“It’s my shout for the first round”
“Umm, OK, where are we going?” I reply, confused by his opening statement as we are currently sitting at home working with no plans to go out
“No” he replies “I just read that on Twitter and I have no idea what that sentence means”
“Ohhh” and I burst into laughter before doing my best to explain…
A shout means to give or get something from someone so you could say
“Come round and I will shout you some dinner”
“Will you shout me a tenner?”
Those phrases are slightly more unusual than the standard use of the word which would be
“It’s my shout”
Which basically means it is my turn to buy something, often used when referring to buying drinks or dinner.
And a round is a round of drinks which he tells me is a term used in the USA but in the context of the original sentence meant nothing to him.
This is a not an uncommon conversation in our house and one that has not only lead to many misunderstandings but lots of laughter too and is the result of being married to a foreigner. Now as we both come from English-speaking countries you would have thought the language divide would be minimal and in many ways it is, but in a surprising amount of ways it isn’t.
We have been married just over 6 years, and together a total of nearly 8 years, and even after all that time we still have conversations like this one we had just a few days ago. They were more frequent at the beginning of our relationship and certainly blossomed into a weekly occurrence when he first moved here but even now they probably still happen at least a couple of times a month. Either I will say something or he will read something (which was what happened above) and be utterly bemused by a word or phrase.
These conversations are nearly always hilarious as I try my best to explain the odd English terms and he rolls his eyes and wonders what on earth is wrong with us Brits. (Note from Michael: what I actually say is, “What the hell is wrong with you people?”)
At times the conversation goes the other way but it is definitely not as common. I think it is because American culture and language is something that we Brits are more exposed to through TV and films. Not that is doesn’t happen because seriously what on earth is a comforter? To me that sounds like something you give a baby or young child to help comfort it, imagine my surprise when I learn that it is in fact a very strange version of a duvet or the first time he said to me “get your fanny in gear” I am fairly sure my eyes widened in slight alarm because in the UK your fanny is your cunt not your arse. Then it is my turn to mutter “what is wrong with you people?”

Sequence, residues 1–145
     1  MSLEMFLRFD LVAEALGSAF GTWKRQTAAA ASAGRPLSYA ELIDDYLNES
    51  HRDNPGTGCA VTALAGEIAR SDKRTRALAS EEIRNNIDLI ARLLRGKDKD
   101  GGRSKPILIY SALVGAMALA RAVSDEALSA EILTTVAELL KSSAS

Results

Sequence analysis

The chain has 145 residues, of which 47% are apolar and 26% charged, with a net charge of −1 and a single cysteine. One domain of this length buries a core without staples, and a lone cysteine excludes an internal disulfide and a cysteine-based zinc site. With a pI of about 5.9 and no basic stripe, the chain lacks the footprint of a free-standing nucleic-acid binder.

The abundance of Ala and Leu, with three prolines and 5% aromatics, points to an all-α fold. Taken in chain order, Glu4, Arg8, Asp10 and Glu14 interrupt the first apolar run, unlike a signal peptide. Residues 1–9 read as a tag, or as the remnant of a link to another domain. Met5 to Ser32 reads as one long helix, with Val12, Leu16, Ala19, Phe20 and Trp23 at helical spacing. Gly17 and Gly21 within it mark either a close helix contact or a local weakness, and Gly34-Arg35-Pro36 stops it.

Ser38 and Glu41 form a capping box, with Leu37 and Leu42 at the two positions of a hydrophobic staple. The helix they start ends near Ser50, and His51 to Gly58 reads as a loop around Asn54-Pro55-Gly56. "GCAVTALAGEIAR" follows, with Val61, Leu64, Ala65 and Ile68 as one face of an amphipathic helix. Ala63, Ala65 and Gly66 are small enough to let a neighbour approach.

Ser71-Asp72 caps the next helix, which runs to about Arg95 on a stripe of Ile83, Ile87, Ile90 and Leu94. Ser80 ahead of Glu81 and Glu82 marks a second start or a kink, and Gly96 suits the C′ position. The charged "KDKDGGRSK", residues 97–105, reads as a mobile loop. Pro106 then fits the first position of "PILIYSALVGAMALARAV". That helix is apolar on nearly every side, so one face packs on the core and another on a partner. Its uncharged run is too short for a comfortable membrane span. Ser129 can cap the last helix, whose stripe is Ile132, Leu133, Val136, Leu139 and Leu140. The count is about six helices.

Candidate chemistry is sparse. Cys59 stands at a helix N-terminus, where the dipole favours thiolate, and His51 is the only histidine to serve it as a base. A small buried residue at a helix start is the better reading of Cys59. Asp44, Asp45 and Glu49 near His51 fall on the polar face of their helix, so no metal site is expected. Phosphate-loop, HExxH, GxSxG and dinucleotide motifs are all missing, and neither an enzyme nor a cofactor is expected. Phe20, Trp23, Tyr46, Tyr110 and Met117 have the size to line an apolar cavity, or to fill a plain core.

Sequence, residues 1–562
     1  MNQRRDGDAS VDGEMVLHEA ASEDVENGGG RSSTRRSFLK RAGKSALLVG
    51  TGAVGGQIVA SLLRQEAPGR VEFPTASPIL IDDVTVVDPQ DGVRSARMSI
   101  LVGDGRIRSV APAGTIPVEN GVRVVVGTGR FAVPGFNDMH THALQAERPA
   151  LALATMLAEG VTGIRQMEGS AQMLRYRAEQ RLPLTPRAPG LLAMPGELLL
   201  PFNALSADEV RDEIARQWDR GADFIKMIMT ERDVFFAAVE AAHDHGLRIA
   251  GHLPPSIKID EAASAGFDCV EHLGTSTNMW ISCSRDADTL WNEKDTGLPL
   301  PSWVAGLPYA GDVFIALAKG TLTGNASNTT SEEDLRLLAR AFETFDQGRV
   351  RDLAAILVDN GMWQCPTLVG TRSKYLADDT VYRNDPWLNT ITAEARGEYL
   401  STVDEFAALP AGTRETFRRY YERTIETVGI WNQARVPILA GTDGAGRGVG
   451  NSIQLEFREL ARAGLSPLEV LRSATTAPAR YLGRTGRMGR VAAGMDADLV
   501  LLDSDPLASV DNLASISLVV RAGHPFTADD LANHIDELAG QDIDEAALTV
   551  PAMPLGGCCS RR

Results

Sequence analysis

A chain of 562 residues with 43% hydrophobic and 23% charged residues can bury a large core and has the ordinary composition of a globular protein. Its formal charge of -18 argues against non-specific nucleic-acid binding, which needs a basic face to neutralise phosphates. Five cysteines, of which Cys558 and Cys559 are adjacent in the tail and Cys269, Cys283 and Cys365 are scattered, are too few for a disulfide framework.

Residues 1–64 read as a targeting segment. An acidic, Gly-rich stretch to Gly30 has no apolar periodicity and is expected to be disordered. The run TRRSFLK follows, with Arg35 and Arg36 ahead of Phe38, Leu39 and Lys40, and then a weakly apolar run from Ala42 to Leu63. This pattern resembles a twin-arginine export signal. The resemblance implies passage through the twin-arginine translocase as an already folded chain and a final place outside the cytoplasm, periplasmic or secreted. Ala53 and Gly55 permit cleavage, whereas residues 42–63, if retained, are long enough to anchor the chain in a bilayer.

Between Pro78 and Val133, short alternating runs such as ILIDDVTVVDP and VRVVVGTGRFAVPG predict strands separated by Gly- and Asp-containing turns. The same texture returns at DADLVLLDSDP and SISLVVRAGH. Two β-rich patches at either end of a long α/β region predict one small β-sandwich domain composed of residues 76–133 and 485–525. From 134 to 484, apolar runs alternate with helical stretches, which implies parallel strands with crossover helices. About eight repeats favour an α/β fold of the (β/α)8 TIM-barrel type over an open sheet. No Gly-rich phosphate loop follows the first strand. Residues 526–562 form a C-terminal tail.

It is not just the unknown words either, but ones I have found myself growing fond of or just finding myself using in a way I never would have before. Take panties, not a word I ever would have used before, in the UK they are knickers and that is that but I got used to him calling them panties and I find myself often using it too. The same can be said for dick, a word that I would have used previously in the context of a dick head or someone being a dick but rarely to refer to penis but it is word he uses a lot when it comes to his penis and so I have found myself mirroring that. I do like sucking his dick.
Together we have learned a lot about language and culture. Invariably one of these discussions will end up with one or other use doing research into the origins of the word or saying. For example did you know that light switches in the US are up for on and down for off and in the UK it is the exact opposite, or that if you told most American’s you were stepping outside for a fag they would assume you were heading out for an homo-erotic encounter. If you go into a shop in the UK and ask them where the pants section is they are going to show you to the underwear (mostly likely the men’s undies too) and most Americans have no idea what a fortnight is either. Public schools are private schools in the UK while public schools are state school in the USA. Dungarees are overalls in the USA and what we call overalls in the UK the USA calls coveralls. A vest in the UK is something sleeveless that you wear under your shirt/t-shirt and in the USA a vest is what we in the UK call a waistcoat. Suspenders in the UK are the things that hold up your stockings which Americans call garter belts and what we in the UK call braces, which hold up your trousers, Americans call suspenders. It is all so confusing
These are just a teeny tiny sample of the cultural and language oddities we have discovered between our two countries and even though we encounter them less and less as the years go by we still remain two foreigners, divided by a common language (and the awful things he does to tea.)
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